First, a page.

Beguiled by Her Betrayer (Harlequin Historical Series #1197)

Beguiled by Her Betrayer (Harlequin Historical Series #1197)

by Louise Allen

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Overview

Beguiled by Her Betrayer (Harlequin Historical Series #1197) by Louise Allen

WHAT USE ARE DRAWING-ROOM MANNERS IN THE MIDDLE OF THE DESERT? 

Falling unconscious in the Egyptian sand at Cleo Valsac's feet is not part of Lord Quintus Bredon Deverall's plan. He's supposed to be whisking this young widow away from her father's dusty camp and back to England—to her aristocratic grandfather and a respectable husband. 

Despite Cleo's strong-willed nature, she can't help but feel comforted by Quin's protective presence. But she has no idea of this wounded stranger's true identity…or of the passion that will begin to burn between them under the heat of the desert sun! 

"Allen reaches into readers' hearts." —RT Book Reviews on Married to a Stranger

Product Details

ISBN-13: 9781460337134
Publisher: Harlequin
Publication date: 08/01/2014
Series: Harlequin Historical Series , #1197
Sold by: HARLEQUIN
Format: NOOK Book
Pages: 288
Sales rank: 726,189
File size: 301 KB

About the Author

Louise Allen has been immersing herself in history for as long as she can remember. She finds landscapes and places evoke powerful images of the past - Venice, Burgundy and the Greek islands are favourite destinations. Louise lives on the Norfolk coast. She spends her spare time gardening, researching family history or travelling in search of inspiration. Please visit Louise's website – www.louiseallenregency.co.uk, or find her on Twitter @LouiseRegency and on Facebook.

Read an Excerpt

Early April 1801—Upper Egypt

There was shade down there and water jars sweating themselves cool and the start of the green growth that ran from the desert edge into the banks of the Nile. Too soon. Quin lay flat on the hot sand of the dune's crest and distracted himself from thirst, heat and the throbbing pain in his left arm by concentrating on the tent below.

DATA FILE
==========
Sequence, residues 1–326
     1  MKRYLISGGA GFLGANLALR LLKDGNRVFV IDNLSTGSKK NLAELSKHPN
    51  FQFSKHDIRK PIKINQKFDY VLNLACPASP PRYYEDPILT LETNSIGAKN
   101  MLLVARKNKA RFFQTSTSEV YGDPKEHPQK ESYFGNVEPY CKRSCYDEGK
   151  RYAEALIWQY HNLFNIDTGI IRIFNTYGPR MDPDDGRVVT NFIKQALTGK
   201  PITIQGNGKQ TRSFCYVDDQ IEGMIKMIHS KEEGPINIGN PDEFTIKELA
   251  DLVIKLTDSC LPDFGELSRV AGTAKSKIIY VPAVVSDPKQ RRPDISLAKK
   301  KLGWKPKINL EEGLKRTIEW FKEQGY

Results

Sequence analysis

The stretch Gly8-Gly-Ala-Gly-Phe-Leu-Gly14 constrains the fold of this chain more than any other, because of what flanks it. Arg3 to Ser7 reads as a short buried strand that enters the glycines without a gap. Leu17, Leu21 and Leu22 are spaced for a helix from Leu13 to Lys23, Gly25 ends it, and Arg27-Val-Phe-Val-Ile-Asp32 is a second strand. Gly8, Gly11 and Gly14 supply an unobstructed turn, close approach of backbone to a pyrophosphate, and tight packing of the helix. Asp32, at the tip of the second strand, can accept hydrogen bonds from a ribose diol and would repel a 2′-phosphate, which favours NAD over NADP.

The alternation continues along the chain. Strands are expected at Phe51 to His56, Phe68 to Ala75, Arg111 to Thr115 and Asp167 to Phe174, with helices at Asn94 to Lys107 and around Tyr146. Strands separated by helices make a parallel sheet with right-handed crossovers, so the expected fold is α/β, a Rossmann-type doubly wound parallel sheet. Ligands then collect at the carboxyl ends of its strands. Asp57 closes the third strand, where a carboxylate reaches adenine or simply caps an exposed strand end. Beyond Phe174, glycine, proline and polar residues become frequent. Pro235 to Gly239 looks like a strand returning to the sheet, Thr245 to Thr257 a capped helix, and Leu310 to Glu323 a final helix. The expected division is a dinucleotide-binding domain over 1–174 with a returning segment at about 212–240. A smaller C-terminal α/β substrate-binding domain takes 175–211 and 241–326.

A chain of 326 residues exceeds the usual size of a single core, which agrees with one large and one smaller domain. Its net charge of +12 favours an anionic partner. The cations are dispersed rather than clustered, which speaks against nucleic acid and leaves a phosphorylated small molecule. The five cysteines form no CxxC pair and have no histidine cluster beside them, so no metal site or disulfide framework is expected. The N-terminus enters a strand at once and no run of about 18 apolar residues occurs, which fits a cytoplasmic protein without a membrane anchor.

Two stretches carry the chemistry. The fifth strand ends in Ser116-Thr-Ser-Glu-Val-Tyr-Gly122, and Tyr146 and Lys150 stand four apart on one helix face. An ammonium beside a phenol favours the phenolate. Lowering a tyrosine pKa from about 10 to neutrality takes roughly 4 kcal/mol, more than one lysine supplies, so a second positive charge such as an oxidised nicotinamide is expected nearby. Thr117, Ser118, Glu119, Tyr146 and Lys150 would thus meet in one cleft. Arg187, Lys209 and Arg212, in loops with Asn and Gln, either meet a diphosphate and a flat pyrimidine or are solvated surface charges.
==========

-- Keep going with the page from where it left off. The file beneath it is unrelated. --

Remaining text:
Tent was perhaps too modest a word. It seemed to consist of several interior rooms surrounded by shaded areas formed by poles and flaps of fabric which, he supposed, would collapse to make outer walls at night.

It was an immaculately neat and wellorganised encampment, although there were no servants to be seen. To one side was an animal shelter with hitching rail and trough, on the other a reed roof covered a cooking area. A thin wisp of smoke rose from the banked fire, there was no donkey tied to the rail and the only occupant appeared to be the man in shirtsleeves who sat at a table in the deep shade of an awning, his pen moving steadily across the paper in front of him.

Quin narrowed his eyes against the dusty sunlight. Mid-fifties, burly, salt-and-pepper brown hair: that was certainly his quarry, or one of them at least. Sir Philip Woodward, baronet, antiquarian and scholar, neglectful husband, selfish widower and father and, very possibly, traitor.

A flicker of movement out of the corner of his eye betrayed robes caught in the light breeze. Someone was approaching. Quin shifted his gaze to where the monumental columns of the temple of Koum Ombo rose from the enshrouding sand, dwarfing the mud-walled huts of the little village of fishermen and farmers beyond it. The person leading a donkey must be familiar with the area, for they spared no glance for the great ruins as they passed them by. It was a woman, he saw as she came closer, clad in the enveloping folds of a dark blue tob sebleh, but like most of the country women of Upper Egypt, unveiled. A servant—or the other person he had been sent to find?